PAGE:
Extracts from Interesting Narrative of the Life of Olaudah Equiano, or Gustavus Vassa, the African, Written by Himself (1789, 1791) 51

Chapter 1. The Author’s Account of His Country, Their Manners and Customs, &c. 51

Chapter 2. The Author’s Birth and Parentage – His Being Kidnapped with His Sister – Horrors of a Slave Ship 60

Chapter 3. The Author Is Carried to Virginia – Arrives in England – His Wonder at a Fall of Snow 69

Chapter 4. A Particular Account of the Celebrated Engagement between Admiral Boscawen and Monsieur Le Clue 78

Chapter 5. Various Interesting Instances of Oppression, Cruelty, and Extortion 89

Chapter 10. Some Account of the Manner of the Author’s Conversion to the Faith of Jesus Christ 99

Chapter 12. Different Transactions of the Author’s Life – Petition to the Queen – Conclusion 109

David Walker (c.1785–1830) 119

Extracts from Appeal in Four Articles; Together with a Preamble, to the Coloured Citizens of the World, but in Particular and Very Expressly, to Those of the United States of America (1829) 120

Article 1. Our Wretchedness in Consequence of Slavery 120

Article 2. Our Wretchedness in Consequence of Ignorance 127

Part 2 The Literatures of Slavery and Freedom: c.1830–1865 137

Introduction 139

Omar ibn Said (1770–1864) 143
Autobiography of Omar ibn Said, Slave in North Carolina (1831) 144

Frederick Douglass (1818–1895) 147
Narrative of the Life of Frederick Douglass, an American Slave. Written by Himself. (1845) 149

What to the Slave Is the Fourth of July? (1852) 210

William Wells Brown (1814–1884) 221

Narrative of William Wells Brown, an American Slave. Written by Himself. (1847, 1850) 223

The Escape; or, a Leap for Freedom: A Drama in Five Acts (1858) 263

Martin Robison Delany (1812–1885) 299

Extracts from The Condition, Elevation, Emigration, and Destiny of the Colored People of the
United States (1852) 300

Chapter 1. Condition of Many Classes in Europe Considered 300

Chapter 2. Comparative Condition of the Colored People of the United States 301

Chapter 3. American Colonization 308

Chapter 4. Our Elevation in the United States 311

Chapter 5. Means of Elevation 313

Chapter 6. The United States Our Country 316

Chapter 17. Emigration of the Colored People of the United States 317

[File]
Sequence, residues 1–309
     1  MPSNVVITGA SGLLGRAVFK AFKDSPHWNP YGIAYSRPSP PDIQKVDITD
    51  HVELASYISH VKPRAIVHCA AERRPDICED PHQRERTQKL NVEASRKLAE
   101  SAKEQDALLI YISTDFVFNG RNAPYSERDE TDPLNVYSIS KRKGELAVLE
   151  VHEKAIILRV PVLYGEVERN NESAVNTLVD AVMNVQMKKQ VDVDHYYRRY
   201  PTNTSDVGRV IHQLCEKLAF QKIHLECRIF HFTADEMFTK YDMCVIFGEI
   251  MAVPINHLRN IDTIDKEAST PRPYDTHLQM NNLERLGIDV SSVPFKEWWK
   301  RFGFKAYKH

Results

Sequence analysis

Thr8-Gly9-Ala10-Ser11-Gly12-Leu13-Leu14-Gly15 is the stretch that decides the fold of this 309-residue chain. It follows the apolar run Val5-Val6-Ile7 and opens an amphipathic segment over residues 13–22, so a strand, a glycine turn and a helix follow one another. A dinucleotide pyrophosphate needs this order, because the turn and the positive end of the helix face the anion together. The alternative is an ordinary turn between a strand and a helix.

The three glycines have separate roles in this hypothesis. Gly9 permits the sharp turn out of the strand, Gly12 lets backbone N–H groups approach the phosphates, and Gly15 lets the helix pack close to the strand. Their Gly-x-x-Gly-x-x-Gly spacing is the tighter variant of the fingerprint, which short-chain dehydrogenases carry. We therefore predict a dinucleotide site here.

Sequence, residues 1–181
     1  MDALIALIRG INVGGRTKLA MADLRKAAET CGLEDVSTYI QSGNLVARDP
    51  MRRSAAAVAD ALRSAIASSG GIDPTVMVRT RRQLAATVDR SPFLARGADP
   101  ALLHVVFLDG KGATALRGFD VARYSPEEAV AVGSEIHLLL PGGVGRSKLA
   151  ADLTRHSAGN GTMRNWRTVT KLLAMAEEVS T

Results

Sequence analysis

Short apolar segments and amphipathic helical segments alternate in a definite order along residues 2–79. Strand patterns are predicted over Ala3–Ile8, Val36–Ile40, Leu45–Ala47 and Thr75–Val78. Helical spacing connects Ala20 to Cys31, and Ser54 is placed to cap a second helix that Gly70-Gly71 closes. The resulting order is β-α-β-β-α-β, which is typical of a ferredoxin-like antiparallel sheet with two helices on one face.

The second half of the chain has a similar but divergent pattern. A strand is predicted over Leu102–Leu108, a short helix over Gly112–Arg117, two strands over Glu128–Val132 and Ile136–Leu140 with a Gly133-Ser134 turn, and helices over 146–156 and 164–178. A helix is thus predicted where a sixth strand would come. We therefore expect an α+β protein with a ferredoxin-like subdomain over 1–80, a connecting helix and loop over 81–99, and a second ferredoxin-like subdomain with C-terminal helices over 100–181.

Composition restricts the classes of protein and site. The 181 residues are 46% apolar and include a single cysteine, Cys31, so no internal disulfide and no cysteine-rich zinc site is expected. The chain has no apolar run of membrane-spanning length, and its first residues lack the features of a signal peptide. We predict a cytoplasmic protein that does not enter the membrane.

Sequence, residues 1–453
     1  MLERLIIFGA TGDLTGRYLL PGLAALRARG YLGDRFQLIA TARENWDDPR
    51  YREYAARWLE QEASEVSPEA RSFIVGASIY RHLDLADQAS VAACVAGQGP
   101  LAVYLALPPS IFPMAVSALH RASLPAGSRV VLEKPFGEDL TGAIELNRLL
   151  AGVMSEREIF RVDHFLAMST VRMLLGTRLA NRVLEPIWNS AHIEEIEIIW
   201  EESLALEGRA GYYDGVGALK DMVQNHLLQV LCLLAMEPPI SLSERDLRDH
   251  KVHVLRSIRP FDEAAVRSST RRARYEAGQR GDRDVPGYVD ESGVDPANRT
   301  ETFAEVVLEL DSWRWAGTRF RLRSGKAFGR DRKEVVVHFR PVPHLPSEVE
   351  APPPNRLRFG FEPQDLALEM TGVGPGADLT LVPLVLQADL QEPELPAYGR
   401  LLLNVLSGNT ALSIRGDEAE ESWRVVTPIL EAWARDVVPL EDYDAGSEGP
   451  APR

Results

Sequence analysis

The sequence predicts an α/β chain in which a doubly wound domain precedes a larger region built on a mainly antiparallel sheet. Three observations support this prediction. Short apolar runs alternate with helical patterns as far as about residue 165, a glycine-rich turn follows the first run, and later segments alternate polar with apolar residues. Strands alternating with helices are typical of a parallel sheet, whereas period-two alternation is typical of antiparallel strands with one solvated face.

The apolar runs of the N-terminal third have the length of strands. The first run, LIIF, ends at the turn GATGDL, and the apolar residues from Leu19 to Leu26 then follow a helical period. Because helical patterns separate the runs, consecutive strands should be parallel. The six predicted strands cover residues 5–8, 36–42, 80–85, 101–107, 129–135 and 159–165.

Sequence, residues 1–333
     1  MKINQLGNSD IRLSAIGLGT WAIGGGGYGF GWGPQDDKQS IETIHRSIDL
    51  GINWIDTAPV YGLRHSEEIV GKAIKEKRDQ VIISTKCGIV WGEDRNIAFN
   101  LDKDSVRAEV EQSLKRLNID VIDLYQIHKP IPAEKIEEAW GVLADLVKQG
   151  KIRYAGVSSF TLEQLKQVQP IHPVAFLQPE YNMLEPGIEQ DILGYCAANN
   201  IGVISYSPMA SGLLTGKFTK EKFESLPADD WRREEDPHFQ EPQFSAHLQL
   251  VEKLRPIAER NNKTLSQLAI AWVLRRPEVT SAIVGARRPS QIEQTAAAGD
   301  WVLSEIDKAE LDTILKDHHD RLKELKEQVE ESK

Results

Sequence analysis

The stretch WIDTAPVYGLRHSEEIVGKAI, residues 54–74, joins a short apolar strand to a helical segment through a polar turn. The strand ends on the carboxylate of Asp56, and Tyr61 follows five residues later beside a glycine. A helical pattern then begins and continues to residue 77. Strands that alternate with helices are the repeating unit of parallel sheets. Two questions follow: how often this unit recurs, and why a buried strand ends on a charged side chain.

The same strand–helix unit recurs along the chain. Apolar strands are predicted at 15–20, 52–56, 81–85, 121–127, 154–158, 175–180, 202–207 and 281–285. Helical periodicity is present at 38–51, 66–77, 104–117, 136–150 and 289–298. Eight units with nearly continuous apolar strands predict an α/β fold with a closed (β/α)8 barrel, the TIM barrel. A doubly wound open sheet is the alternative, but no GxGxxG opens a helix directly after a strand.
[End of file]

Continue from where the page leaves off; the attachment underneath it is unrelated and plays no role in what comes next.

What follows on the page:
Chapter 23. A Glance at Ourselves – Conclusion 317

Harriet E. Adams Wilson (1825–1900) 323
Our Nig; or, Sketches from the Life of a Free Black (1859) 324

Harriet Ann Jacobs (1813–1897) 365
Incidents in the Life of a Slave Girl. Written by Herself. (1861) 367

Part 3 The Literatures of Reconstruction, Racial Uplift, and the New Negro: c.1865–1920 491

Introduction 493

Frank J. Webb (1828–1894) 497

Two Wolves and a Lamb (1870) 498

Marvin Hayle (1870) 524

Pauline Elizabeth Hopkins (1859–1930) 548
Peculiar Sam, or the Underground Railroad: A Musical Drama in Four Acts (1879) 550

Charles Waddell Chesnutt (1858–1932) 565
What Is a White Man? (1889) 567

The Marrow of Tradition (1901) 573

Frances Ellen Watkins Harper (1825–1911) 718
From Sketches of Southern Life (1891) 720

Aunt Chloe 720

The Deliverance 722

Aunt Chloe’s Politics 729

Learning to Read 729

Church Building 731

The Reunion 731

Iola Leroy, or Shadows Uplifted (1892) 733

Anna Julia Cooper (1858–1964) 852

Extract from A Voice from the South (1892) 853

Womanhood: A Vital Element in the Regeneration and Progress of a Race 853

Paul Laurence Dunbar (1872–1906) 867

From Lyrics of Lowly Life (1896) 869

The Poet and His Song 869

Accountability 870

Frederick Douglass 871

A Prayer 872

Passion and Love 873

An Ante-Bellum Sermon 873

Ode to Ethiopia 876

Whittier 877

A Banjo Song 877

To Louise 879

Alice 880

After the Quarrel 880

Beyond the Years 881

The Spellin’-Bee 882

A Negro Love Song 884

The Colored Soldiers 885

Nature and Art 887

When De Co’n Pone’s Hot 888

The Deserted Plantation 889

We Wear the Mask 890

Phyllis 891

When Malindy Sings 891

Extract from The Heart of Happy Hollow (1904) 893

The Lynching of Jube Benson 893

Booker T. Washington (1856–1915) 899

Extract from Up from Slavery (1901) 901

Chapter 14. The Atlanta Exposition Address 901

William Edward Burghardt Du Bois (1868–1963) 909

The Souls of Black Folk (1903) 912

James Weldon Johnson (1871–1938) 1026

The Autobiography of an Ex-Colored Man (1912, 1927) 1028

Glossary 1102

Timeline 1110

Name Index 1121

Subject Index 1126